Link between Two Canals Could Ease California’s Water Crisis

Link between Two Canals Could Ease California’s Water Crisis

TRACY, California, October 14, 2010 (ENS) – A host of federal, state and local officials and business leaders today celebrated the start of construction on a $28 million underground link between two Central Valley canals south of the Sacramento-San Joaquin River Delta.

When complete in 2012, the Delta-Mendota Canal/California Aqueduct Intertie project is expected to improve water supply reliability south of the Delta, one of the world’s most productive agricultural regions, which relies on irrigation to grow fruits, nuts and vegetables.

The Intertie is located in an unincorporated area of the San Joaquin Valley in Alameda County, west of the city of Tracy. The site is in a rural agricultural area that is owned by the state and federal governments.

“Linking of these two canals by a new underground pipeline and pumping plant will improve water supply reliability in a part of California hardest hit by dry conditions and loss of jobs,” said Secretary of the Interior Ken Salazar.

The Delta-Mendota Canal (Photo courtesy U.S. Bureau of Reclamation)

Other speakers at the groundbreaking included U.S. Senator Dianne Feinstein and Congressmen Dennis Cardoza, Jim Costa, and Jerry McNerney.

In the FY 2010 Energy and Water Appropriations Bill, Congressman Costa passed an amendment to provide $10 million dollars for Valley water projects, and $4.1 million of these funds were allocated to the Intertie. In July, Costa helped secure $14.6 million in Recovery Act funding to begin construction of the project.

At the groundbreaking today, Costa said, “I fought for this project because more water equals more Valley jobs,” said Costa. “The Intertie will deliver more water to our region and help strengthen our economy. This project was stalled for years, but we used all of the tools at our disposal to make it a reality. This includes the earmarks and stimulus funding we secured to bring the Intertie online.”

Secretary for Natural Resources Lester Snow represented the state of California. Numerous other dignitaries present also included Deputy Secretary of the Interior David Hayes; Bureau of Reclamation Commissioner Mike Connor, members of the state legislature, leaders of local governments and irrigation districts and Mike Stearns, chairman of the Board of the San Luis and Delta-Mendota Water Authority.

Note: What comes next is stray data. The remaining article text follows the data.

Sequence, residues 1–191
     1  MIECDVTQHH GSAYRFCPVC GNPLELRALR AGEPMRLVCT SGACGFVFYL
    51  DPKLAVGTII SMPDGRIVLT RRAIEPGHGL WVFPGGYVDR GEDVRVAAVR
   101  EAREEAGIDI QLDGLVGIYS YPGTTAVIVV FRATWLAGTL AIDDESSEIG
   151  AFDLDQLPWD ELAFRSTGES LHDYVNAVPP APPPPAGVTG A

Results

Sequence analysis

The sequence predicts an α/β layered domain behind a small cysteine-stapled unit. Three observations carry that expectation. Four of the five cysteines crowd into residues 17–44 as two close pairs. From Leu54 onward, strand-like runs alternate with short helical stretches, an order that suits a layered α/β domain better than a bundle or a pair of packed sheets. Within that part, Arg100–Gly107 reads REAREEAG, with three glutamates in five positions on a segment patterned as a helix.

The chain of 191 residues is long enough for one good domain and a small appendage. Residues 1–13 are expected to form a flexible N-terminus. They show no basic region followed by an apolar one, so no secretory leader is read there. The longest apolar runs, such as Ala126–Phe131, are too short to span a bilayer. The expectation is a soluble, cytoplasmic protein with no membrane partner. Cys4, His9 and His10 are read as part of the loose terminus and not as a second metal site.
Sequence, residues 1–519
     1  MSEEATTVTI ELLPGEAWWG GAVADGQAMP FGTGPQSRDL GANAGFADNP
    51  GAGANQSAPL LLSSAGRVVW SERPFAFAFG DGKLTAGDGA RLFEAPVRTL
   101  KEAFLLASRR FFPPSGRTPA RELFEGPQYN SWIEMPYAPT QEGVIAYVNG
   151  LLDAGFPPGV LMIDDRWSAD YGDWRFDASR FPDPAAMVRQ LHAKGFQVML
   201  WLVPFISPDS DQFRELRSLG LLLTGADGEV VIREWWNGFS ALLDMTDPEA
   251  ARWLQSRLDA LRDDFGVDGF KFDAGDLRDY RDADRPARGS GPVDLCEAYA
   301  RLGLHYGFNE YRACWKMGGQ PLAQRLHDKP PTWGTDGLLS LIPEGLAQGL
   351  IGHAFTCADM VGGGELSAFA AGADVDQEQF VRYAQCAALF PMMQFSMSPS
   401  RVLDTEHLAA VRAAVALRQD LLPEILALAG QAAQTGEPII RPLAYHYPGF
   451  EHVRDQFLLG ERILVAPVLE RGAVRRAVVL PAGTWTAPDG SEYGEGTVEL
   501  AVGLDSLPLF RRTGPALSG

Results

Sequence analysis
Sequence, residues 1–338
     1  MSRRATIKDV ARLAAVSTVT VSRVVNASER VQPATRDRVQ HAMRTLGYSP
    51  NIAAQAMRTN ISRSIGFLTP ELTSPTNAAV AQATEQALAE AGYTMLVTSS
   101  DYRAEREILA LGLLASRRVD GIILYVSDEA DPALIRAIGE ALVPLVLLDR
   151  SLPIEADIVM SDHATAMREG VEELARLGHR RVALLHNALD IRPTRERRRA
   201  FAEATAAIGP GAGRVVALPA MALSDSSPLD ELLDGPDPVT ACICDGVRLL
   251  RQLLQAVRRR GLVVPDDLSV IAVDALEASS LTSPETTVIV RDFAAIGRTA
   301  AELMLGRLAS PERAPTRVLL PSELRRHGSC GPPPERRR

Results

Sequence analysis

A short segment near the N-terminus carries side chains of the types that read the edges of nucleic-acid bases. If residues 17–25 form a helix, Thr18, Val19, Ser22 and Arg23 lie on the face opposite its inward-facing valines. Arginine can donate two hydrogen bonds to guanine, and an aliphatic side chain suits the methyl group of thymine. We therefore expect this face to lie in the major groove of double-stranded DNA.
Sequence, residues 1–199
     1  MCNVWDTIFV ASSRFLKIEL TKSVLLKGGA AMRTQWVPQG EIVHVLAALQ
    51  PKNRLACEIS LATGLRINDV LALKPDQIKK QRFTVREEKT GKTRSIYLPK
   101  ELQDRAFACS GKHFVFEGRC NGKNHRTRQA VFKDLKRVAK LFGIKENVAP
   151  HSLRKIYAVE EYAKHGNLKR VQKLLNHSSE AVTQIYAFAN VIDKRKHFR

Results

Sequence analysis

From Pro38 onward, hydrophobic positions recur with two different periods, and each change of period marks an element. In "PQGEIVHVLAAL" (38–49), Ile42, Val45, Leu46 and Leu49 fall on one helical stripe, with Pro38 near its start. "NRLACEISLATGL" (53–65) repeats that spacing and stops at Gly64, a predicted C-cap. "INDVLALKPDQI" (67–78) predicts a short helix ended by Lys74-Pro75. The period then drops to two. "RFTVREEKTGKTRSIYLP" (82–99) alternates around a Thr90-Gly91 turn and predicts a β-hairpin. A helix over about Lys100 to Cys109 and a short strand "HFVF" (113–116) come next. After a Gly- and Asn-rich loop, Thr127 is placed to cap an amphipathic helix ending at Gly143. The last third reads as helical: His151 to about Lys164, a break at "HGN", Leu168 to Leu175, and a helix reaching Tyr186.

A construction contract for the Intertie project was awarded to Shimmick Construction Co. of Oakland, California, in July. Shimmick will be building a pumping station and underground pipeline connection, installing four pumps and motors and building an electrical switchyard.

The project will provide about 160 construction jobs in an area hard hit by drought and job loss.

The Intertie could potentially increase average annual water deliveries to the Central Valley Project by as much as 35,000 acre-feet.

The Central Valley Project is a Bureau of Reclamation federal water project that provides irrigation and municipal water to much of California’s Central Valley.

The CVP accomplishes this by regulating and storing water in reservoirs in the water-rich northern half of the state, and transporting it to the water-poor southern Central Valley and its surroundings by means of a series of canals, aqueducts and pump plants, some shared with the California State Water Project.

The Intertie is expected to increase water deliveries to the Central Valley by addressing conveyance conditions in the Delta Mendota Canal that presently restrict use of the C.W. “Bill” Jones Pumping Plant near Tracy to less than its design capacity.

The Delta-Mendota Canal receives water pumped by the Jones plant and is the primary federal delivery facility sending water to Central Valley Project contractors south of the Delta, which include dozens of agricultural districts, as well as several industrial and municipal water districts.

The State Water Project’s California Aqueduct operates in much the way. The connection between the two will improve overall water supply reliability.

Secretary Salazar said, “Today’s groundbreaking is historic. It not only represents the efforts of all the partners gathered here to help alleviate California’s water crisis but also the timely action taken under President Obama’s American Recovery and Reinvestment Act to deliver water, and create jobs, while safeguarding the environment of the West.”

The year 2010 is the third dry year in a row for California with snowpack water content down to 66 percent of normal and reservoirs at low levels across the state.

Association of California Water Agencies Executive Director Timothy Quinn said Saturday, after a week of renewed negotiations on a state legislative package to address water issues, “It is critical to reach agreement on solutions to improve the reliability of the state’s water system and restore ecological health to the Delta.”

“Solving these problems is essential to the cities, farms and businesses that rely on our troubled water system,” Quinn said. “It is absolutely vital that we all work together to complete a package that can meet the goals of a reliable water supply and a restored Delta ecosystem.”

Copyright Environment News Service (ENS) 2010. All rights reserved.

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